Serving
(click to enlarge)

Bean Sprouts, Celery & Cockles
India - Andaman Islands
  -   Kai Kootu
Serves:
Effort:
Sched:
Do ahead:  
4 side  
**
3 days  
Yes

I find this makes a fine cold vegetable salad or warm side dish for a Western menu. In India a Kootu would be served hot as one of the accompaniments to the rice. The clams are more a flavoring than a feature ingredient.



1/2
5
1
3
3
2
1-1/2
1
1/4
#
oz
cl

oz
oz
T
t
t
Bean Sprouts (1)
Onion, red
Garlic
Chilis, fresh (2)
Celery
Baby Clams (3)
Oil
Mustard seed, blk
Salt

Prep   -   (3 days / 10 min work)
  1. Sprout your BEANS (see Note-1). Rinse well.
  2. Slice ONION in quarters lengthwise and slice thin crosswise. Crush GARLIC and chop small. Mix.
  3. Slice CHILIS into thin strips. I prefer to blast them with my propane torch and wash the skins off first - your choice.
  4. Slice Celery crosswise thin.
Run     -   (15 min)
  1. In a spacious sauté pan heat Oil over moderate flame and fry Mustard Seeds, stirring until most have popped, then stir in the Onions and Chilis. Fry stirring until soft.
  2. Stir in Bean Sprouts and Celery and fry stirring for about 1 minute.
  3. Stir in Clams and Salt. Simmer covered for about 8 minutes, stirring now and then.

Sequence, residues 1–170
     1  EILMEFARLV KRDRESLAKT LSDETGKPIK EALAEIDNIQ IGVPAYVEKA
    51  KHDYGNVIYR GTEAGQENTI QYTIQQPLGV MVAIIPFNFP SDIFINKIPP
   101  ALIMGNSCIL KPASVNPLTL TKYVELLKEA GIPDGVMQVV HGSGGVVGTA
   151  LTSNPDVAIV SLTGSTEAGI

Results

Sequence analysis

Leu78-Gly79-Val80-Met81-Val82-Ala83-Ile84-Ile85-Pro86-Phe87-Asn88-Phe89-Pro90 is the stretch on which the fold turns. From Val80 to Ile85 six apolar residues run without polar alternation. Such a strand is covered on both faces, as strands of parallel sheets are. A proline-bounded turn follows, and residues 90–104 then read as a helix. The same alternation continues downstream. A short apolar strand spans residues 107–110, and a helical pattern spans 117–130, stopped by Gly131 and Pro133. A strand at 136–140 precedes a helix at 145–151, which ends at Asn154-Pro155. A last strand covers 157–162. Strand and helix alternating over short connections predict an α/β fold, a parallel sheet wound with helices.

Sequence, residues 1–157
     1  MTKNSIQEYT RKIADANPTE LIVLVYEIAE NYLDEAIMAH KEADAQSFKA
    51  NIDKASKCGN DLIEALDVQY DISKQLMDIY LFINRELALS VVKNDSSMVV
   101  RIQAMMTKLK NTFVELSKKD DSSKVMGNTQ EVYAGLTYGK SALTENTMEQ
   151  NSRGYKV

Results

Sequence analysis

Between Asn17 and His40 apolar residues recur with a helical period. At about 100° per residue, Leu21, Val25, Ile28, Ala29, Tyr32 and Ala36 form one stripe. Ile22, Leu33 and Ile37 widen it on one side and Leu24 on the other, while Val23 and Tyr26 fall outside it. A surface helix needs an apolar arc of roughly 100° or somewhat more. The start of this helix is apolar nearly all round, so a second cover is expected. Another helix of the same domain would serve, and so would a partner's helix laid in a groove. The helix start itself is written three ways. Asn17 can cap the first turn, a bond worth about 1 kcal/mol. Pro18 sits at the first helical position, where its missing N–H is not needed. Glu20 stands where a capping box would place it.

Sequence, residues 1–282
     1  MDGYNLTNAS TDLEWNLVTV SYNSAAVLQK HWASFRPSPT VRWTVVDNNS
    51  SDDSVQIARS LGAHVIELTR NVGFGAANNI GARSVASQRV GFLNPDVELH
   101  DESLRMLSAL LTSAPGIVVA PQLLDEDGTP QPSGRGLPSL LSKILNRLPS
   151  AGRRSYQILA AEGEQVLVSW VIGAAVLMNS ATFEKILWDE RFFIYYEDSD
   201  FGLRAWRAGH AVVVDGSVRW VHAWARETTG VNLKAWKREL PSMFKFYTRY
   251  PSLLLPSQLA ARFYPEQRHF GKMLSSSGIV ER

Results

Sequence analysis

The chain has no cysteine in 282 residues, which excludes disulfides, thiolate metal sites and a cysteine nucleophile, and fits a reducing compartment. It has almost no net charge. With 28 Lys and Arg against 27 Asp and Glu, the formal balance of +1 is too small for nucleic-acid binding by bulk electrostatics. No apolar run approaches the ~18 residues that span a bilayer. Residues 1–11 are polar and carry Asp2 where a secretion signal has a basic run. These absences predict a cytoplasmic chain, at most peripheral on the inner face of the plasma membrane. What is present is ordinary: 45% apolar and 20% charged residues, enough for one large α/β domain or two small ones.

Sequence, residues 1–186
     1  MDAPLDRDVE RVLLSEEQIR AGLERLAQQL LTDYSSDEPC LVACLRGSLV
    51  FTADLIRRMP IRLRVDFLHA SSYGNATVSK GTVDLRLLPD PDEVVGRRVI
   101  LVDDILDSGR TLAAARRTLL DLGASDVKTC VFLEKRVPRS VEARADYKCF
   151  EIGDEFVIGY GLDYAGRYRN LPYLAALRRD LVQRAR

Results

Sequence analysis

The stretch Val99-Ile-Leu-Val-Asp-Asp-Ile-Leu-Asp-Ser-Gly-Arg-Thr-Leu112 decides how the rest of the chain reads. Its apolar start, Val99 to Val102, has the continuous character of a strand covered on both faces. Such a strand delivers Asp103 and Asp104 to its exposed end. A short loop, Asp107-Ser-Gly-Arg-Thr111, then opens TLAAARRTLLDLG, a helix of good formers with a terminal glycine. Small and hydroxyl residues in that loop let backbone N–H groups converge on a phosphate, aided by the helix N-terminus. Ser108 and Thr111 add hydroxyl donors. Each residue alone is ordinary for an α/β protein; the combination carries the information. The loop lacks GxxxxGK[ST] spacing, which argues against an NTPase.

NOTES:
  1. Bean Sprouts:   As you can see from the photo, the Indian approach to bean sprouts is quite different from how the Chinese do it (the ones in the photo are actually just a touch over-sprouted). Flavor and texture are both rather different. To get this effect, take 1/3 cup of mung beans per 1/2 pound of sprouts (they shouldn't be too old) and sprout them as you would any other seeds. This takes about 3 days max. When they are sprouted enough you can hold them for a day or two in the refrigerator. While the beans shown in the photo are Mung Beans, same as for Chinese sprouts, In India they sprout many different beans and peas this way.
  2. Chilis:   This count is based on red ripe Fresnos and will give the dish a very moderate chili bite. Red or green chilis of your choice and quantity to your taste. For details see our Chili Page.
  3. Cockles / Clams:   The pattern recipe calls for 1/4 pound cockles in the shell. Well, we don't have cockles around here, even in the frozen seafood sections of the huge Asian markets - closest they get are Manilla Clams - and they are absurdly expensive for the amount of meat you get. I have chosen to use frozen Baby Clam meat which is easily and affordably available in the frozen seafood cases at the Asian markets. If necessary, you could use canned baby clams, though the flavor may not be as good. My recipe probably has more meat then the pattern - I don't have yield figures on cockles yet.
  4. U.S. measure: t=teaspoon, T=Tablespoon, c=cup, qt=quart, oz=ounce, #=pound, cl=clove in=inch, ar=as required tt=to taste
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